At the beginning of August last year our first boat tour went ahead. We have operated for over a year now and cannot quite believe it. There have been highs and lows along the way but we have made it into our second year, enjoying every minute, offering guests a glimpse of Argyll’s Secret Coast in all its glory.
We soon found our sea legs, including Crystal The Reluctant Sea Dog and crew, as the bookings came flooding in (excuse the pun!) August saw our diary filling up fast with ‘single family bubbles’, families on school holidays and favourable settled weather.
Our guests observed diving gannets and the occasional encounter with playful dolphins, busy oyster catchers and porpoises from a distance. The loch was centre stage for our wonderful wildlife to show off in its natural habitat.
With enquiries for larger groups than eight people, the need for increased stability whilst out on the loch and a more spacious cockpit we were rapidly coming to the conclusion that we needed a bigger boat.
The weather continued to be in our favour in September with sunny days, light winds and calm seas. Autumn, in its infancy, amidst the purple heather, was slowly emerging, as patches of yellow and brown began to spread on the ever changing landscape of the Cowal and Kintyre Peninsulas.
This was the month we witnessed a fatal stranded bottle nosed whale on rocks north of Portavadie. These mammals would not typically be located in these waters. Investigative work on stranded marine animals is ongoing by bodies such as the Scottish Marine Animal Stranding Scheme based at Inverness University, who cannot rule out the use of sonar by ships which disorientates and displaces these creatures.
September continued to be busy and also eventful with Crystal helping herself to biscuits from an unassuming guest’s rucksack and towing a yacht, which had engine failure, to the safe haven of Portavadie Marina.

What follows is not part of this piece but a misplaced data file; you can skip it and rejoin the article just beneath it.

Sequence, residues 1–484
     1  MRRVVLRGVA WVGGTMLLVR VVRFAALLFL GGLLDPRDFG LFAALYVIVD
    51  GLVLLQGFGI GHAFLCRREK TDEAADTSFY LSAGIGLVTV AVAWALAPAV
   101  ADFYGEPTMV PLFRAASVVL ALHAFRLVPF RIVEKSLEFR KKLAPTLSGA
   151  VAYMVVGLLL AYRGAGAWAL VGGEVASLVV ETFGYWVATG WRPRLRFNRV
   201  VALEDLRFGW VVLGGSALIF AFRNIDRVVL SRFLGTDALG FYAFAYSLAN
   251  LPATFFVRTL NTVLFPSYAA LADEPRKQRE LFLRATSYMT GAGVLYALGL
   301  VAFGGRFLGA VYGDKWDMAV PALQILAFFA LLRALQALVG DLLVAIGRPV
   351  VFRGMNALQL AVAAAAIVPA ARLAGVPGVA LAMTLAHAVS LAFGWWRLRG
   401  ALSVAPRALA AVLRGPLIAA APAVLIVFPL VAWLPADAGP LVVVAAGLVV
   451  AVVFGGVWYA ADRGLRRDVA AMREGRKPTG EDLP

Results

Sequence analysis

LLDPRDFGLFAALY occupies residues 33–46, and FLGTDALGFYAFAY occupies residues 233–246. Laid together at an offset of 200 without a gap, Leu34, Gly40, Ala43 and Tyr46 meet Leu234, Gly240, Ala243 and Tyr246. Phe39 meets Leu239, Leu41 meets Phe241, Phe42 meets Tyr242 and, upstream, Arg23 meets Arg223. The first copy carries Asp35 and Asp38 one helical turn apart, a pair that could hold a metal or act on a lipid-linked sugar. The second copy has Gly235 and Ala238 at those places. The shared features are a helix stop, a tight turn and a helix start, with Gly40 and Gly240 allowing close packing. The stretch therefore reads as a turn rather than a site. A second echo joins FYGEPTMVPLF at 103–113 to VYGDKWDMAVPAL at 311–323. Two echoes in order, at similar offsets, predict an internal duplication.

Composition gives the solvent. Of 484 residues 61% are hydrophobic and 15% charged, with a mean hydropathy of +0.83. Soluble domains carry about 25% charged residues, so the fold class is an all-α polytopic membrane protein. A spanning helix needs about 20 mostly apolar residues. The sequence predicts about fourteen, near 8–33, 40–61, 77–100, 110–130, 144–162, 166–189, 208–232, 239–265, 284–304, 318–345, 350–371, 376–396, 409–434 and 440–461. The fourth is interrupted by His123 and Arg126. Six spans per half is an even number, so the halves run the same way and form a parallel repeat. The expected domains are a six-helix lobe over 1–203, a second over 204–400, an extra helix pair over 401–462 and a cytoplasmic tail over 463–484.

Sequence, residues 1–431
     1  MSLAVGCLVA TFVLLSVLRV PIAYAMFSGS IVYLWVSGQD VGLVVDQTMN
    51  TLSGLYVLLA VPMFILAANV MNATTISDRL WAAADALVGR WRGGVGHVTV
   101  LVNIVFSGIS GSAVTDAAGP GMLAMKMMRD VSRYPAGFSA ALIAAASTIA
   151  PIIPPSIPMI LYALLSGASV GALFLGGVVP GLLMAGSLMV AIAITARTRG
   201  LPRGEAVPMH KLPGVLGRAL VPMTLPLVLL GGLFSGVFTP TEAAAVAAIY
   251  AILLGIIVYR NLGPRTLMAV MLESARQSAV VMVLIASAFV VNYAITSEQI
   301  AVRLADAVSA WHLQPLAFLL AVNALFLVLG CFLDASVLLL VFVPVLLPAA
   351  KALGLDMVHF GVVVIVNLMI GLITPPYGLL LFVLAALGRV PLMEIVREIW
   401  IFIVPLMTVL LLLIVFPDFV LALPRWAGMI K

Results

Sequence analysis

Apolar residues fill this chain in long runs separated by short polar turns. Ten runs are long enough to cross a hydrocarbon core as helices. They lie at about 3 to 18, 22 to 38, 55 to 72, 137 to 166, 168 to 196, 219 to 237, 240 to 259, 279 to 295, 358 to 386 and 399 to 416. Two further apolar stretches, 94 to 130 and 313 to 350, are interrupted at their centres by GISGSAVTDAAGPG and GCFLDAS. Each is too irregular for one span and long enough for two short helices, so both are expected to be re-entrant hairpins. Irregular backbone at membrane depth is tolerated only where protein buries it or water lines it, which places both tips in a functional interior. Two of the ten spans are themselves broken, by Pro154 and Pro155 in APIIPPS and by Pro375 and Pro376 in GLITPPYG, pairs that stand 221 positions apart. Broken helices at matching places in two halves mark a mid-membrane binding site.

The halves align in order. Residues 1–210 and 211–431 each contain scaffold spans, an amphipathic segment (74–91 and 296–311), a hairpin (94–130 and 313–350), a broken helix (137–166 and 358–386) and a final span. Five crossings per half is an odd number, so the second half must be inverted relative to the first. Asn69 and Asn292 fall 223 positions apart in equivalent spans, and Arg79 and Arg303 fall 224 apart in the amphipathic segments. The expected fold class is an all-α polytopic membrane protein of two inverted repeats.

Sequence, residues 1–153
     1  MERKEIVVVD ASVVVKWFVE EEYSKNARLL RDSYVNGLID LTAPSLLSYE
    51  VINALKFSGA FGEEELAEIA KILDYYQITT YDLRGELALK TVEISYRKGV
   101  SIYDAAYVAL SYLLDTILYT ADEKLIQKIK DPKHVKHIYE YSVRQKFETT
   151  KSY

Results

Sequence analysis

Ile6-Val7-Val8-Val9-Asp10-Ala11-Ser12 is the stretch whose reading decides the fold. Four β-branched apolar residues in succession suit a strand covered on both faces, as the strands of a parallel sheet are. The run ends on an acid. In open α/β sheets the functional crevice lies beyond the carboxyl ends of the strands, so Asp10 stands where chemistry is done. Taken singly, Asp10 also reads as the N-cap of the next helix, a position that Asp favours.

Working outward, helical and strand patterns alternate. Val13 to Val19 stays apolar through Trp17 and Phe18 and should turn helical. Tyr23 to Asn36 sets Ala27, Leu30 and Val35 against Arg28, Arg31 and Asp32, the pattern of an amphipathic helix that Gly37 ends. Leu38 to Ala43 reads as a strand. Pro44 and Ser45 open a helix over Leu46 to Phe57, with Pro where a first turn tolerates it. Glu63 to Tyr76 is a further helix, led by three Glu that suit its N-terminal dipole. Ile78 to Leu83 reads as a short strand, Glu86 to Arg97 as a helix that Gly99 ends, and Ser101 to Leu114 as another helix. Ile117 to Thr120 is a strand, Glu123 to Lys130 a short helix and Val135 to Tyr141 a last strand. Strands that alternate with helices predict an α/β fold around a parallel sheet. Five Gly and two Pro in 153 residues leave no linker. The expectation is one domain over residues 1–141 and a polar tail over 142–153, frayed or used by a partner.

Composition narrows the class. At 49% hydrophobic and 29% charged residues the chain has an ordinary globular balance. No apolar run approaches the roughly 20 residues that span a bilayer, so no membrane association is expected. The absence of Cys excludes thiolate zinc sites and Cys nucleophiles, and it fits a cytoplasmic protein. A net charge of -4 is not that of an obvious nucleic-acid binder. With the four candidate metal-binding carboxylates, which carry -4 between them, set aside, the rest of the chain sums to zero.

With more enquiries for larger groups the thoughts of a bigger boat were still at the forefront of our minds.
This month our guests were dazzled by the golds and reds and browns of Argyll’s landscape with ever changing light creating breath taking views time and time again. With vivid rainbows and dropping temperatures, Autumn was in full swing.
The wildlife scene was changing. With less display from the diving gannets, swooping swallows and V shaped configuration of migrating geese heading to warmer climates our guests took delight in spotting deer amongst the shrubbery and browning bracken along the coastline.
Finding more time in between boat tours we addressed our marketing presence by registering Wild about Argyll (WAA) plus we also got to grips with our social media strategy including digital boost coaching with Business Gateway.
We still needed a bigger boat!
With the season ending, temperatures dropping and the darkness closing in, we stole what remaining light was on offer and delighted our guests with sunset cruises. On the rocks, cormorants adopted their batman pose, wings fanned out against the fading landscape backdrop as the watery sun dipped away.
We continued boat tours until the end of this month despite moving into the next tier of restrictions and England’s lockdown. The times we had been working in were proving more tumultuous than the seas we were sailing on!